Re: "ocaml_beginners":: Conversion of exponent number
- I actually hadn't thought of that, I guess it would
depend on how large a number a float may store in
ocaml. I will look into it.
Thanks! I have this horrible tendency to miss the
--- Danny Yoo <dyoo@...> wrote:
> On Wed, 27 Nov 2002, Eric Merritt wrote:
> > If another one of you could help an ailing newbie
> that would be great.
> > The next problem that I am having is with the
> conversion of a string (31
> > bytes long) that contains a number in scientific
> notation into an Ocaml
> > numeric data type. The string is generally of the
> > "9.45300000000000000000000e+22".
> Hi Eric,
> I'm a newbie here too. Would it be possible to use
> the 'float_of_string'
> function? It appears to handle exponents fine:
> # float_of_string "9.45300000000000000000000e+22"
> - : float = 9.453e+22
> Good luck to you!
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- On Thu, 28 Nov 2002, Eric Merritt wrote:
> I actually hadn't thought of that, I guess it would depend on how largeHi Eric,
> a number a float may store in ocaml. I will look into it.
The 'Num' arbitrary-precision library might also be useful if
floating-point arithmetic isn't precise enough:
# #load "nums.cma";;
# open Num;;
# let v = (num_of_string "9453 / 1000") */
(num_of_int 10 **/ num_of_int 23);;
val v : Num.num = Big_int <abstr>
# approx_num_exp 5 v;;
- : string = "+0.94530e24"
I'm still very new at this Ocaml stuff, so I'm not sure if there's a
function in 'Num' that converts directly from scientific notation to a
Num. But it shouldn't be too hard to cook a toy function up. Here's the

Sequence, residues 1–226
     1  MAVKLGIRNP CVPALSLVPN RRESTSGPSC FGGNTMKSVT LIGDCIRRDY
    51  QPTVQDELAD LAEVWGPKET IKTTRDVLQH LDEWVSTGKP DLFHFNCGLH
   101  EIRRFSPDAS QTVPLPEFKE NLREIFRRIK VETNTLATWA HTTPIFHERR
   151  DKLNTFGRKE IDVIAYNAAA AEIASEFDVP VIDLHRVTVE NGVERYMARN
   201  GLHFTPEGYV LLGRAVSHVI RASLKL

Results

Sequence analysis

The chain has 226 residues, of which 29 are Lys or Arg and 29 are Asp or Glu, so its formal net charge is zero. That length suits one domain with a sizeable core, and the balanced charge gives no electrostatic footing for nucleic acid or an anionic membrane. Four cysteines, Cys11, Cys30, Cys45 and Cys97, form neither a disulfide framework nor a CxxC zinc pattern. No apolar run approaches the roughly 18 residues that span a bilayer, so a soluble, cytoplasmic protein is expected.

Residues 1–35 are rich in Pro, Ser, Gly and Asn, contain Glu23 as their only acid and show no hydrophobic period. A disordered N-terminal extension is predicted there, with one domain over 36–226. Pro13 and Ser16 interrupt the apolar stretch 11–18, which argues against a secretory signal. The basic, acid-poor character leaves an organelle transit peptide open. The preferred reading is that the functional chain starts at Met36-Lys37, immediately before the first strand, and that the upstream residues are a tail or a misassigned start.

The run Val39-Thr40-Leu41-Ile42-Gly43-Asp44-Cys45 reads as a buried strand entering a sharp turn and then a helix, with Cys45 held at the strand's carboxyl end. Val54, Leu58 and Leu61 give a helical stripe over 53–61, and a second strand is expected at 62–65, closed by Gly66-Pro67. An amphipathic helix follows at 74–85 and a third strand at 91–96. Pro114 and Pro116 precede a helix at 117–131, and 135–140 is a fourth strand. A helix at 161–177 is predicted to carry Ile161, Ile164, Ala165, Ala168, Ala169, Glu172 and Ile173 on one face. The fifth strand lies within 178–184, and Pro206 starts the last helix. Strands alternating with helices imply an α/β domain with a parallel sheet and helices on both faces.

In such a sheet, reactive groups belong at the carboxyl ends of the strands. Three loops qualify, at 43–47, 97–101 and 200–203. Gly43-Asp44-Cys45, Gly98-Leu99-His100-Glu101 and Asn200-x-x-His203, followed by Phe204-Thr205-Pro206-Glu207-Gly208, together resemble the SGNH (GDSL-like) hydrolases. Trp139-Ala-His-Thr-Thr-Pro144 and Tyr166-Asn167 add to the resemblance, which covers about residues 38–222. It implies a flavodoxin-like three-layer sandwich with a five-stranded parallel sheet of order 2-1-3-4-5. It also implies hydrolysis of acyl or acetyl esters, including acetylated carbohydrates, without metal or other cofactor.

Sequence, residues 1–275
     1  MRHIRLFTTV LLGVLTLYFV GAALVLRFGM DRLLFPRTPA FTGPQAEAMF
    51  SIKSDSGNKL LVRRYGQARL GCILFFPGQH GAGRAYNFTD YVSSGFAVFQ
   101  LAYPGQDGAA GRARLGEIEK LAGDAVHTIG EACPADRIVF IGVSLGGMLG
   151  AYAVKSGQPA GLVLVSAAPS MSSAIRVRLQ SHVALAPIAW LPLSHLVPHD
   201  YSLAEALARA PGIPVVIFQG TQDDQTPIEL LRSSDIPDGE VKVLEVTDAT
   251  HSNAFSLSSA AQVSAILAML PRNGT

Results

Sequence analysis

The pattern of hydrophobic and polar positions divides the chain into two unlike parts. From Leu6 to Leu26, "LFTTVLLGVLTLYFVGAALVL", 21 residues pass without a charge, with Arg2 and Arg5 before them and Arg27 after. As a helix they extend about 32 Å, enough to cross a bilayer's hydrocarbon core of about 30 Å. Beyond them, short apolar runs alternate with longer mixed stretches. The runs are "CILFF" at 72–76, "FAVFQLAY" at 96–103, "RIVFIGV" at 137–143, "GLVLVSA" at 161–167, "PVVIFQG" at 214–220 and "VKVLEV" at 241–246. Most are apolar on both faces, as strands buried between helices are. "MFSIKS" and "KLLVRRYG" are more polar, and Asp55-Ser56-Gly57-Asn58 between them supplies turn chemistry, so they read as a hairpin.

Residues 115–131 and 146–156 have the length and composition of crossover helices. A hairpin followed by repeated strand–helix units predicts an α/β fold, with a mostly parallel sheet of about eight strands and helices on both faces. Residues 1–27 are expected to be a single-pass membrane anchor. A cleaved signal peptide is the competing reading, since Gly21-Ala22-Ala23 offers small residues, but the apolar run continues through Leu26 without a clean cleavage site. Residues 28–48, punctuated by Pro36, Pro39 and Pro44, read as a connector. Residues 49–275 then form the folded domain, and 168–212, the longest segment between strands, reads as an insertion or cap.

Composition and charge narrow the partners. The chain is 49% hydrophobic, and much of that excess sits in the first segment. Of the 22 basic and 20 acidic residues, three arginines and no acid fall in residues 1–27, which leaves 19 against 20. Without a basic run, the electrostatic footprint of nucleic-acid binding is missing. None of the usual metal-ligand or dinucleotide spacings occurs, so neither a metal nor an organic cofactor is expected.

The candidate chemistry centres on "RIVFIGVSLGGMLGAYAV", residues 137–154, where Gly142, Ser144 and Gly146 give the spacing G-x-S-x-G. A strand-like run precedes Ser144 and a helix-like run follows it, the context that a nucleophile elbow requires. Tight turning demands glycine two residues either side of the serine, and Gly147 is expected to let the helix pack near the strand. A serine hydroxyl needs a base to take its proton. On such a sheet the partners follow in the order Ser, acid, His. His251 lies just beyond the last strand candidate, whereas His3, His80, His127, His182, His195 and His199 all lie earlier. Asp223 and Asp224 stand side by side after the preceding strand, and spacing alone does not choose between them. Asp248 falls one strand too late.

beginnings of such a function:
(* string_exp_to_num: a toy example of string manipulation in Ocaml.
Danny Yoo (dyoo@...)
let split_mantissa s =
let s = String.lowercase s in
let l = String.length s in
let i = String.index s 'e' in
let sub = String.sub in
(sub s 0 i),
(sub s (i+1) (l-i-1));;
(* Given string s and integer i, returns a new string with 's'
repeated i times. *)
let rec string_multiply s i =
if i = 0 then ""
else if i mod 2 = 0
then string_multiply (s^s) (i/2)
else s ^ string_multiply s (i-1);;
(* Given a decimal string, returns a string that expresses its
let rec rationalize s =
let i = String.index s '.' in
let l = String.length s in
let denom = "1" ^ (string_multiply "0" (l-i-1)) in
(String.sub s 0 i) ^
(String.sub s (i+1) (String.length s - i - 1))
^ "/" ^ denom
(* int_of_string does not appear to take in unary PLUS, so
this function tries to fix that. *)
let my_int_of_string s =
if String.get s 0 = '+'
then int_of_string (String.sub s 1 ((String.length s)-1))
else int_of_string s;;
let string_exp_to_num s =
let (mantissa, exponent) = split_mantissa s in
let ( * ) = Num.( */ ) in
let ( ** ) = Num. ( **/ ) in
(Num.num_of_string (rationalize mantissa)) *
((Num.num_of_int 10) ** Num.num_of_int (my_int_of_string exponent))
This code is not bulletproof yet; I don't take into account things such as
missing exponents or decimal points, but that should be pretty easy to
patch up. It's also probably a bit ugly because I'm still learning the
I would have expected such a function to exist in the standard library,
since there's already a Num.approx_num_exp function that does the inverse
operation of turning a num into a string, but I don't know enough of Ocaml